4. Utopia (Amazon)

Journalist John Pilger’s 2013 epic Utopia film documents the atrocities committed against Indigenous Australians. It doesn’t matter how you voted in the recent Voice referendum, this film is worth watching as part of understanding our country’s history from colonisation to the Stolen Generation, to living conditions in rural communities just a decade ago. It is not easy to watch. Pilger never is. At times, it stabs at your heart.

3. March of The Penguins (Freeview)

Narrated by Morgan Freeman, this 2005 nature documentary is truly amazing. It will take you on a roller coaster ride of emotions, guaranteed to make you laugh and cry in the same sitting. It follows the yearly journey of the emperor penguins of Antarctica.

2. When We Were Kings (Amazon)

This Oscar-winning documentary from 1996 tells the story of the legendary showdown between boxers Muhammad Ali and George Foreman. Ali at the time was the most recognisable person in the world. He could not only fight, but he had lashings of charisma and character – and delivered sport’s best one-liners. Boxing today is but a shadow of what it was when Ali graced the ring as the King of Boxing.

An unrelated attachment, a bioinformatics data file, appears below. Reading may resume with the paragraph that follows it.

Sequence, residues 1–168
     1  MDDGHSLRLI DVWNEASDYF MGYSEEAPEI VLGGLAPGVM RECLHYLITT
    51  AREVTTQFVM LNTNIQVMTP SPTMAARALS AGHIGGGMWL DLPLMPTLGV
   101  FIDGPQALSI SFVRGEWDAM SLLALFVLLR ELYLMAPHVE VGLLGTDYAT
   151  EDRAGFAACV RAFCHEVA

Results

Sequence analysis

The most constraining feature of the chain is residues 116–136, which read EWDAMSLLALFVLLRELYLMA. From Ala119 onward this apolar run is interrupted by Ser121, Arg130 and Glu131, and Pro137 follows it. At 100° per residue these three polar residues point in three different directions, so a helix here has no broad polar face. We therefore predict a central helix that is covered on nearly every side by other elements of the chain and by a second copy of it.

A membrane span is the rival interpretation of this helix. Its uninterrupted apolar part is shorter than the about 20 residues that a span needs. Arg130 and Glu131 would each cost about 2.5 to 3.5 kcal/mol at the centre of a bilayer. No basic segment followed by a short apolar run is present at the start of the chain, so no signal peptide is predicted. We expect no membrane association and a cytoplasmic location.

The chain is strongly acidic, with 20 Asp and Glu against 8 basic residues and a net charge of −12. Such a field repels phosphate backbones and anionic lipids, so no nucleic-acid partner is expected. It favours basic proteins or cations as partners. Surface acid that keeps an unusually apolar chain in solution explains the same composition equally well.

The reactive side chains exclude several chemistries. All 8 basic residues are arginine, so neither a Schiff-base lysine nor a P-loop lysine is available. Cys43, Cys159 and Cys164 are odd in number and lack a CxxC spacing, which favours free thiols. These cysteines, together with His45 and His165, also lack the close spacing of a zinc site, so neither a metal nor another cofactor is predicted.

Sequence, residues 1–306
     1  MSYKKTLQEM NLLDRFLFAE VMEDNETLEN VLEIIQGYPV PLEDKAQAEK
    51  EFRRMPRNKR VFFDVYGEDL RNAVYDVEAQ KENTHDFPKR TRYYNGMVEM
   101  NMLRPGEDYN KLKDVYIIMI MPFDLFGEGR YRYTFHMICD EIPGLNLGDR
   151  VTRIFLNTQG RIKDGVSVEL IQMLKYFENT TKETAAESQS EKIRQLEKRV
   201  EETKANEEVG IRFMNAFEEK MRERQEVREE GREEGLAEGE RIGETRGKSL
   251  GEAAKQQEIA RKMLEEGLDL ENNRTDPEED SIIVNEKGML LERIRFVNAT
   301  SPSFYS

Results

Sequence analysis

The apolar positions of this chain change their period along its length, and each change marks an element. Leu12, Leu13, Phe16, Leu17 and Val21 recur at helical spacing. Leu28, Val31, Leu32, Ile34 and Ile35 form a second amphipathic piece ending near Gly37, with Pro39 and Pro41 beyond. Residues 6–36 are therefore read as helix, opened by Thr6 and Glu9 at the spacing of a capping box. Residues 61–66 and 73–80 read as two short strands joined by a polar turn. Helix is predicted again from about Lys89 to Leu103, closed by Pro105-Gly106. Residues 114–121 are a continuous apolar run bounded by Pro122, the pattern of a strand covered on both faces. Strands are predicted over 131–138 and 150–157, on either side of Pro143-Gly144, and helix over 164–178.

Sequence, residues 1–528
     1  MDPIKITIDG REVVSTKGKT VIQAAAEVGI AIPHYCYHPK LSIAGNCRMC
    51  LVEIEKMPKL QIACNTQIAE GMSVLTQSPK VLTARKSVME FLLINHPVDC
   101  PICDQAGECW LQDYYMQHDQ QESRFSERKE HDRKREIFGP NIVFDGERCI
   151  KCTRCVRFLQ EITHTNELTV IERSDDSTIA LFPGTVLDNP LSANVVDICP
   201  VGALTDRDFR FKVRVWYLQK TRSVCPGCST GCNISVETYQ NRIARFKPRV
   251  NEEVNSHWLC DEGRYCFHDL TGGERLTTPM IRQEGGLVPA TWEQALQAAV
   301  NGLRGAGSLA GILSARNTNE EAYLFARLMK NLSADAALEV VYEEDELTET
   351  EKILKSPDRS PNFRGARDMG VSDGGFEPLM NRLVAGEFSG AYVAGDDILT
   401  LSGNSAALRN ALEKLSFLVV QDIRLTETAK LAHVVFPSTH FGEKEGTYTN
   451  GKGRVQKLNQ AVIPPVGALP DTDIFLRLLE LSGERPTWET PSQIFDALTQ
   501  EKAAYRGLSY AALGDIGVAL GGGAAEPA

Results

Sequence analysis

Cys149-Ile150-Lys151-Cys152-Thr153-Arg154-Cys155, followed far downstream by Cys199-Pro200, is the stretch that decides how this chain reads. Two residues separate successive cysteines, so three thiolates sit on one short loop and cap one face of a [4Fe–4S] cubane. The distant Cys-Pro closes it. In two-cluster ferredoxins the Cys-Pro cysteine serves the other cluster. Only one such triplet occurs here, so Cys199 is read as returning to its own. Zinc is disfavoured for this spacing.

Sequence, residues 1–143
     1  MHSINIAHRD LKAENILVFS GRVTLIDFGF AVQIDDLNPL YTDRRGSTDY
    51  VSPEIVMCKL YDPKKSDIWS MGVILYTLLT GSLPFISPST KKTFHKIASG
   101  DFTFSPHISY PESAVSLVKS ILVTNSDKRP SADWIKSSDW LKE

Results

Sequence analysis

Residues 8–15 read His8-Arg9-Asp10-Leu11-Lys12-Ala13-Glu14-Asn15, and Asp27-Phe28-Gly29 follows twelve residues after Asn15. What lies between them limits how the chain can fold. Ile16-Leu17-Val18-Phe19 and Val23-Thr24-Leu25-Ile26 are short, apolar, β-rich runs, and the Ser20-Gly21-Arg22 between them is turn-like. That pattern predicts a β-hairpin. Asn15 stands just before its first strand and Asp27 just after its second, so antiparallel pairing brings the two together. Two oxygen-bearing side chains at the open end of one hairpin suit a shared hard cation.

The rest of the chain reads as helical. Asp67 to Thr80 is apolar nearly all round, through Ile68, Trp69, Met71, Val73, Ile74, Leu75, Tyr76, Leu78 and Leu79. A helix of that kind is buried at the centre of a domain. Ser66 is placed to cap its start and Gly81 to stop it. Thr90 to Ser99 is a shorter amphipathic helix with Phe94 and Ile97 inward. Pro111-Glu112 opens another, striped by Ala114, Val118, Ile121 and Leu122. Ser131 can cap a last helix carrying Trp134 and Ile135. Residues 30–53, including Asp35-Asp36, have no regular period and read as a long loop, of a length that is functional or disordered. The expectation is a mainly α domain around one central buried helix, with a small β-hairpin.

1. The Up Series (Amazon)

In 1964, filmmaker Michael Apted told the story of 14 children (10 boys and four girls) for his Granada Television special 7 Up. Every seven years since he has returned to his subjects to see how life has changed. In 2019, 63 Up aired, the ninth show in the series. The filmmaker plans to keep going with this social experiment for as long as he can.